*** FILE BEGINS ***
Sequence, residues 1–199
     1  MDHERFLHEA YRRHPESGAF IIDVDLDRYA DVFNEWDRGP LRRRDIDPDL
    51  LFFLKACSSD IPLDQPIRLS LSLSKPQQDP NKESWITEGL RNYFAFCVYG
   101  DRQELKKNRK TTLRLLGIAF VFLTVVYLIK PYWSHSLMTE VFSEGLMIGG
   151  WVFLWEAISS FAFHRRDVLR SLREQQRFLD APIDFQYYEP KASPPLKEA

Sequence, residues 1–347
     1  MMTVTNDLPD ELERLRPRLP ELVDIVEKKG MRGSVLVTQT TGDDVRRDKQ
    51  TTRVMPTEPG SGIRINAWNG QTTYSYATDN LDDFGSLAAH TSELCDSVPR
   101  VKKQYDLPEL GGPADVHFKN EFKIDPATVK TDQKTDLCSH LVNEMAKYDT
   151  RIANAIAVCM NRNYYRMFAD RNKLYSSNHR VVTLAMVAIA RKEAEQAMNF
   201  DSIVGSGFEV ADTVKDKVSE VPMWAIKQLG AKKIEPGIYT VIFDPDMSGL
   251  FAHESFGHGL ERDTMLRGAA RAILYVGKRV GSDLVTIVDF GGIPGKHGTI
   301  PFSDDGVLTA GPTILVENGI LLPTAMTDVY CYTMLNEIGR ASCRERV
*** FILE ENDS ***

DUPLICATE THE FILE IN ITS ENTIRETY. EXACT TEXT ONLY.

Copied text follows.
Sequence, residues 1–199
     1  MDHERFLHEA YRRHPESGAF IIDVDLDRYA DVFNEWDRGP LRRRDIDPDL
    51  LFFLKACSSD IPLDQPIRLS LSLSKPQQDP NKESWITEGL RNYFAFCVYG
   101  DRQELKKNRK TTLRLLGIAF VFLTVVYLIK PYWSHSLMTE VFSEGLMIGG
   151  WVFLWEAISS FAFHRRDVLR SLREQQRFLD APIDFQYYEP KASPPLKEA

Sequence, residues 1–347
     1  MMTVTNDLPD ELERLRPRLP ELVDIVEKKG MRGSVLVTQT TGDDVRRDKQ
    51  TTRVMPTEPG SGIRINAWNG QTTYSYATDN LDDFGSLAAH TSELCDSVPR
   101  VKKQYDLPEL GGPADVHFKN EFKIDPATVK TDQKTDLCSH LVNEMAKYDT
   151  RIANAIAVCM NRNYYRMFAD RNKLYSSNHR VVTLAMVAIA RKEAEQAMNF
   201  DSIVGSGFEV ADTVKDKVSE VPMWAIKQLG AKKIEPGIYT VIFDPDMSGL
   251  FAHESFGHGL ERDTMLRGAA RAILYVGKRV GSDLVTIVDF GGIPGKHGTI
   301  PFSDDGVLTA GPTILVENGI LLPTAMTDVY CYTMLNEIGR ASCRERV